The last month of the year - when leaden skies and dull short days prevail - is invariably that particular season when things horticultural are at their lowest ebb, in so far as they attain publicity. With the exception of the one meeting of the Royal Horticultural Society on the 21st ult., that was probably the only meeting of the character held throughout the kingdom. But there must be a state of repose as a necessary adjunct to a time of activity, and there must also be a period of preparation for the yet undeveloped work of the coming spring and summer.

It is not too much to say that considerable interest was felt as to the decision of the Royal Horticultural Society in regard to its great Summer Exhibition. Would it continue to follow the Royal Agricultural Society, as it has done for the past three years, or would it boldly stand alone, and on its own merits challenge provincial support? It has decided, - and in July next it will pitch its tents by the side of those of the Royal Agricultural Society at Oxford. It has done this despite the appeals of many of the Society's best advisers, and with nearly the whole of the horticultural press condemning such a course of proceeding. Rumour has it that some members of the council are in favour of the Society going alone to the country, probably in 1871. So there is hope in the future; and some sanguine ones predict that in 1871 the two societies will part company, and, taking opposite directions, each discharge its own peculiar functions in different localities. Report also states that the balance of gain derived from the Manchester Show will fall short of the somewhat modest sum originally stated.

In regard to its home work, there will be considerable modifications of the operations of the Society. All great shows, as such, are partially, if not wholly, abolished - there will no longer be exhibitions in the form in which they have hitherto been held; but while the same amount of prize-money will still be given, it will be in the form of prizes spread over all the ordinary meetings of the Society on the occasion of the assembling of the Floral and Fruit Committees; so that each of these meetings, which are always of an extremely interesting character, and have proved most successful, will now be doubly interesting, and it is hoped, successful even in a larger degree. It is these meetings that so much tend to reconcile to the Society - to some extent at least - that large and influential body of practical horticulturists who in times past had looked with much mistrust on some of the actions of the council, and not unfrequently given expression to this mistrust. The special exhibitions of Hyacinths and Roses will still be held, but superadded to one of the ordinary meetings of the Society. Naturally enough, exhibitors and others are anxiously looking for the issue of the Society's programme of arrangements and schedule of prizes for 1870, which has only come to hand at the last moment.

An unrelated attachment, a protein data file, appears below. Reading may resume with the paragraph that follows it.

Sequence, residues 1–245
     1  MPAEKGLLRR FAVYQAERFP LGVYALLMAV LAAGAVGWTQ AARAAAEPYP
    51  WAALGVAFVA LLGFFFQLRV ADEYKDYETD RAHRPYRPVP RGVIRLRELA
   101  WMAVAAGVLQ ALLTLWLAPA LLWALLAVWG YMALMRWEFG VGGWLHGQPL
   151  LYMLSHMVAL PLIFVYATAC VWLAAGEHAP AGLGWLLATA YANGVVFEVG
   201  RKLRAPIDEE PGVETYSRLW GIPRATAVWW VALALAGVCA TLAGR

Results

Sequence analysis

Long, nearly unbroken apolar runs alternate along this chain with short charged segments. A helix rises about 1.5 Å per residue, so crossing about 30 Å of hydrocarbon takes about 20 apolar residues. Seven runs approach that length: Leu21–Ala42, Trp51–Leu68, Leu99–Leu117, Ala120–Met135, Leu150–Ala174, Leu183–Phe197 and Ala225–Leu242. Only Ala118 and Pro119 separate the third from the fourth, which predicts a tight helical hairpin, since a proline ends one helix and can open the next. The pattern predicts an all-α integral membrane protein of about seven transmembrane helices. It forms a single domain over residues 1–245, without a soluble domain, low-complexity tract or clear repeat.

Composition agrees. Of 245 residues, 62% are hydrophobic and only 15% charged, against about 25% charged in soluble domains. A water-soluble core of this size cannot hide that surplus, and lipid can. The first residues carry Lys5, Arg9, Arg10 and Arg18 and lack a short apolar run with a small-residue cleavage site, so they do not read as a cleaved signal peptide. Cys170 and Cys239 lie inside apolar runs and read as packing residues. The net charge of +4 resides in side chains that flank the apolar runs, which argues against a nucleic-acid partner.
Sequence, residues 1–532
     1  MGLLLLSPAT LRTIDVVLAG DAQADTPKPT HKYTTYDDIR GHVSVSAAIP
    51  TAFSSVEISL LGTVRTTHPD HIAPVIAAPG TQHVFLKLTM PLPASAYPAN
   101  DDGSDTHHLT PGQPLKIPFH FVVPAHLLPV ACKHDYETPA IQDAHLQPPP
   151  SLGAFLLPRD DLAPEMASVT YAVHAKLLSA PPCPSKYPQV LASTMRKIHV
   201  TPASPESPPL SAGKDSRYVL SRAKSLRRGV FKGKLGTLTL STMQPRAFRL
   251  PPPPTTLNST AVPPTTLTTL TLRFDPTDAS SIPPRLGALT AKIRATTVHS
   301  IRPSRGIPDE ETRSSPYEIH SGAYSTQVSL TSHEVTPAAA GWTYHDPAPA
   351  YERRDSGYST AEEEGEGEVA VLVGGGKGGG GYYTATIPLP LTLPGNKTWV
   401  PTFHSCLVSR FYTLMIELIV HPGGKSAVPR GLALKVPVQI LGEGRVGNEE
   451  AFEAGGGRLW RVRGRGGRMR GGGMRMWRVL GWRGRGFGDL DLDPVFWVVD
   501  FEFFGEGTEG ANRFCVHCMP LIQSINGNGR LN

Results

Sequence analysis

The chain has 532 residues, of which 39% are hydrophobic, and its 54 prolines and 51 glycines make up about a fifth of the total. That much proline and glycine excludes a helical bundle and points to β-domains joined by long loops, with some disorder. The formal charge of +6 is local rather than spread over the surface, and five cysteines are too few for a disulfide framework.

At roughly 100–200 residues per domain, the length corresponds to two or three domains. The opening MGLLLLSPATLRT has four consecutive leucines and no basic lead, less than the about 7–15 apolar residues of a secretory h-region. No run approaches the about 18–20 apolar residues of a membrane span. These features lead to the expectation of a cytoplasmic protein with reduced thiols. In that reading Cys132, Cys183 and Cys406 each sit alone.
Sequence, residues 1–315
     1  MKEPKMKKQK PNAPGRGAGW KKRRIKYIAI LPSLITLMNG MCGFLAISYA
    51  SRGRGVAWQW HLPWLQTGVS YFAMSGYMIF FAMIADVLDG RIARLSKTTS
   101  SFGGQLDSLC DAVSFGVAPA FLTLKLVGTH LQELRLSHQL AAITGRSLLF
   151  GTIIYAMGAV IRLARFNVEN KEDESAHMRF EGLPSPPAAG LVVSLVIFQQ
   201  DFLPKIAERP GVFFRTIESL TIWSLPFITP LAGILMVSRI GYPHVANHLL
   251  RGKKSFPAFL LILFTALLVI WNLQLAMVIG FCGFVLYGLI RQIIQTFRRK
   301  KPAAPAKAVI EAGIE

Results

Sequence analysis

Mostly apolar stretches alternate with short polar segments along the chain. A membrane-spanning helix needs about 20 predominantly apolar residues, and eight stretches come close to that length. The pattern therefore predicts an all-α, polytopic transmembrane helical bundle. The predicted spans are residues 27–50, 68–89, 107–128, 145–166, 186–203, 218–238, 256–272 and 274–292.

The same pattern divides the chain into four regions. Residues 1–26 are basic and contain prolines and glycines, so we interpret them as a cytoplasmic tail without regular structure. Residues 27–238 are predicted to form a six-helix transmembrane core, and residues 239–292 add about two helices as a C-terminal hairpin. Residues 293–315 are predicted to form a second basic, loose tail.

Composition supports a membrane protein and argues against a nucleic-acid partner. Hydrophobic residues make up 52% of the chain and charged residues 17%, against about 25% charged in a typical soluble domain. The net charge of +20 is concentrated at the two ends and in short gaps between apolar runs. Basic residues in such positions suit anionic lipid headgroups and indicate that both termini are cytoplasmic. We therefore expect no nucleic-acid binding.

The delay is at least unaccountable, perhaps unavoidable.

The exhibition season may be fairly said to open in March next, when the Hyacinth shows will be held. That of the Royal Horticultural Society will take place on March 16, and the Dutch growers will again offer some of the special prizes they so liberally gave last year. Considering how close was the competition between Messrs Cutbush &, Paul in March last, when the former won the two principal special prizes, their meeting in 1870 will be regarded with redoubled interest. The spring show of the Horticultural Society of Liverpool, which yearly brings together a magnificent display of Hyacinths from the local growers, takes place on the same date as that of the South Kensington Exhibition, and the Royal Horticultural Society of Ireland announces a similar show on March 24th. In addition to the prizes given by the Irish Society, there are three silver cups of the value of five guineas: one of these is for the gardener who takes the greatest number of prizes, and is subscribed for by the gardeners themselves.